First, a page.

Off hand, the above saying can be translated as follows: ‘Do not stew over unnecessarily what happened in the past, and equally not to be excessively preoccupied with what your future holds. Just live in full in your present life.’ (Natsume, Soseki ‘Rondon-Shoosoku’)
Soseki’s remark is quite similar to what I quoted yesterday from one of Einstein’s sayings. Well, that is the main reason why I have quoted Soseki’s saying today. He is one of the greatest writers and scholoars specialised in English literature in Meiji Era, and I think his words made you sit up!
As some of you may know already, in 1900 by the official order of then Monbushoo (the Ministry of Education in Japan) Soseki was dispatched to London for research purposes. During his stay in London, he wrote three letters to his friend, Masaoka Shiki. So ‘Rondon-Shoosoku’ is actually a collection of these letters by Soseki. Now that the copyright has been expired, anyone can download the original text from the Internet. Please click here if you are interested in viewing the original.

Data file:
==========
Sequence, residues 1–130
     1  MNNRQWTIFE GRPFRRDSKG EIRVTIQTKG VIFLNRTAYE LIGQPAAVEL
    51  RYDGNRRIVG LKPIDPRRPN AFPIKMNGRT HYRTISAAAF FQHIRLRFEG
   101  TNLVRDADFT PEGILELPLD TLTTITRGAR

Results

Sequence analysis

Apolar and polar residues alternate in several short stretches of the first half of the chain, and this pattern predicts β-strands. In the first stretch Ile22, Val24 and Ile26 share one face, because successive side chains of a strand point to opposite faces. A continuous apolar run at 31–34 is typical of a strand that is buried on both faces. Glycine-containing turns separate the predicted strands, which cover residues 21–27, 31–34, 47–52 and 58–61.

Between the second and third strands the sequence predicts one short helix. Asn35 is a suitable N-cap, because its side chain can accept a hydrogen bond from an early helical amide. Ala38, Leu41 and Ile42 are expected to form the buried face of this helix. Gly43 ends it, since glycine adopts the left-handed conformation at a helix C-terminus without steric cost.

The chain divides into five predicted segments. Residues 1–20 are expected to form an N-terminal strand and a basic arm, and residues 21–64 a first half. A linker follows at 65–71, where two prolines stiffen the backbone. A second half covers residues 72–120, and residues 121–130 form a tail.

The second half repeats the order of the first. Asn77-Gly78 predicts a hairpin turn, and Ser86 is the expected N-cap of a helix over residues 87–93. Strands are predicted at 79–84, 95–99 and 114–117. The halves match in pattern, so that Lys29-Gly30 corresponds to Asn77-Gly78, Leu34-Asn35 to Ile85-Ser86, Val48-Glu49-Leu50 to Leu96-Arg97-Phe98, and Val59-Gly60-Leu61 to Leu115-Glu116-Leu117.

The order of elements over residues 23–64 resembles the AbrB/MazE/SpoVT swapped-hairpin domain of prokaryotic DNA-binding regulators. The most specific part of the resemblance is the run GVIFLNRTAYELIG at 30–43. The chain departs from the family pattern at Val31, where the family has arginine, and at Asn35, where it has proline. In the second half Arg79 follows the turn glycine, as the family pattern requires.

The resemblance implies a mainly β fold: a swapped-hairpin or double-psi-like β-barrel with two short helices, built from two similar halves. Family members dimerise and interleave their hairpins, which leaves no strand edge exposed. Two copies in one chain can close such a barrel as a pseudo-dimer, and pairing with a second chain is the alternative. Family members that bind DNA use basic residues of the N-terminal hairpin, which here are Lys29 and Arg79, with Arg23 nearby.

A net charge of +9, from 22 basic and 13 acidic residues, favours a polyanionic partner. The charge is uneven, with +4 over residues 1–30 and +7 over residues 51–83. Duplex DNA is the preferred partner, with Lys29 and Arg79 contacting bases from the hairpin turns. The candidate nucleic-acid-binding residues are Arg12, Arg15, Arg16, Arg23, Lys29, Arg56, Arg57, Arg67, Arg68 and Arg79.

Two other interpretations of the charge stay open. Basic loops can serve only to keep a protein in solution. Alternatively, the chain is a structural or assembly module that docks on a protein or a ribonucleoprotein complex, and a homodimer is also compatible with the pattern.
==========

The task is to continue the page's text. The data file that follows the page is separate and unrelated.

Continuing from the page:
What follows is an extract from the English version of Wikipedia. If you happen to need to explain something about Soseki, then the following quote may be of some use to you. I believe there are a considerable number of shcolars or students abroad who are interested in Soseki.
Natsume Sōseki (夏目 漱石? 9 February 1867 – 9 December 1916) was the pen name of Natsume Kinnosuke (夏目金之助?), who is widely considered to be the foremost Japanese novelist of the Meiji Era (1868-1912). He is commonly referred to as Sōseki. He is best known for his novels Kokoro, Botchan, I Am a Cat and his unfinished work Light and Darkness. He was also a scholar of British literature and composer of haiku, Chinese-style poetry, and fairy tales. From 1984 until 2004, his portrait appeared on the front of the Japanese 1000 yen note.